barefoot wrote:Percrime wrote:The peter principle generally applies to big bureaucracies.
The Dilbert principle  applies to even bigger bureaucracies.
 promote the incompetent into middle management, preferably in a different department, where they are out of the way and can't do any real damage
barefoot wrote:squeazasis wrote:Perhaps that's partly why you often hear people saying that a negative/unhelpful/overcontrolling approach from bosses still tends to be the rule rather than the exception even in this day and age (don't know of any research to that effect - it's just what I hear some people say, whether rightly or wrongly) - I know there are a variety of reasons for this, but perhaps part of it is that the people who get promotions (in the corporate world, and no doubt in the labour/trade world as well) aren't always those who have good skills in people management!
Then there's the other kind of manager, who has an old school tie, an MBA, and a sense of entitlement, but doesn't have a friggin' clue what the business they're managing actually does.
Ah, business. The great triumph of our civilisation.
Can I retire now please?
Percrime wrote:No its cos if you demote people they kick up. If you just transfer people they kick up and the people at the other end kick up when they realize you are sending them the incompetent. If you promote people and don;t have a vacancy for them in their new position.. they are not making a fuss.. and sadly they have to be transferred. Its a variation of the NIMBY approach to life.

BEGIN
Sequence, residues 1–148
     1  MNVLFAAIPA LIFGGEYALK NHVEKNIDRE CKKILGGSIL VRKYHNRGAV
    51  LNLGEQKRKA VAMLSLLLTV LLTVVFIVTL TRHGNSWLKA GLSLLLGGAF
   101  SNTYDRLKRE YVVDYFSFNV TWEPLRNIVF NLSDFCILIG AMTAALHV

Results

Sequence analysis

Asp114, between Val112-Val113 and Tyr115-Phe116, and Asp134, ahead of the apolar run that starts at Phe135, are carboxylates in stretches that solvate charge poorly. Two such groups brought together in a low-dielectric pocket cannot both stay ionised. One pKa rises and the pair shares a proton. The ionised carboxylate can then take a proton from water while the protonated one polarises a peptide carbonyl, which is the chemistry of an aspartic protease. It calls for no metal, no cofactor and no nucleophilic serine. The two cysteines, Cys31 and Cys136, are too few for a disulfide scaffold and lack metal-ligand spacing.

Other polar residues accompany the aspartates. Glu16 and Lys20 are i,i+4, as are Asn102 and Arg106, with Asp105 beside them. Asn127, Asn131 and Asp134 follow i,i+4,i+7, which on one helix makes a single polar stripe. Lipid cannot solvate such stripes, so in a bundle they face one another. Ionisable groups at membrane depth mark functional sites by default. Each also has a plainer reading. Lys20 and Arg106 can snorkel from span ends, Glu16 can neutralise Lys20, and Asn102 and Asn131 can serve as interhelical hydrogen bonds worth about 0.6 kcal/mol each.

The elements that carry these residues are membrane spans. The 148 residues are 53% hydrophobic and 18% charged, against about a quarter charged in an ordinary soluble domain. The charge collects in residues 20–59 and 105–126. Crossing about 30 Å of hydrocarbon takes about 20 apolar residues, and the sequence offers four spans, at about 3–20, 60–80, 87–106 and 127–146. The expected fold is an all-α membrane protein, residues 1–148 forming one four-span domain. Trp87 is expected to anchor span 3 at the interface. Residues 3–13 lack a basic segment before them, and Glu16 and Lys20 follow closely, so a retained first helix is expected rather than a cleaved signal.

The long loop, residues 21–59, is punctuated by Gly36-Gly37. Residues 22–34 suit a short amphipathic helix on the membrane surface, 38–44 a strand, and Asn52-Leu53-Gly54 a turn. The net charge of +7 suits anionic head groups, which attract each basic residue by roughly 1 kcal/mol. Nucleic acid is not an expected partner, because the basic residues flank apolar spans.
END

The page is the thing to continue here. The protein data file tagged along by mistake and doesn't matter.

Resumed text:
Percrime wrote:In the real world.. as opposed to theoretical models
barefoot wrote:Percrime wrote:In the real world.. as opposed to theoretical models
And also as opposed to the cartoon world from which the Dilbert principle is named.
If you're not familiar with Dilbert, it's a parody of the disconnect that often exists between technical employees and non-technical managers.
It is hauntingly insightful at times.
The author of the cartoon, Scott Adams, also wrote a book of management theory (The Dilbert Principle) which is a satire, but is apparently studied in some well respected business schools (assumedly as a set of case studies in what not to do).
barefoot wrote:Canuck wrote:I love how BV forumers are so strictly focused on the details of thread topics...
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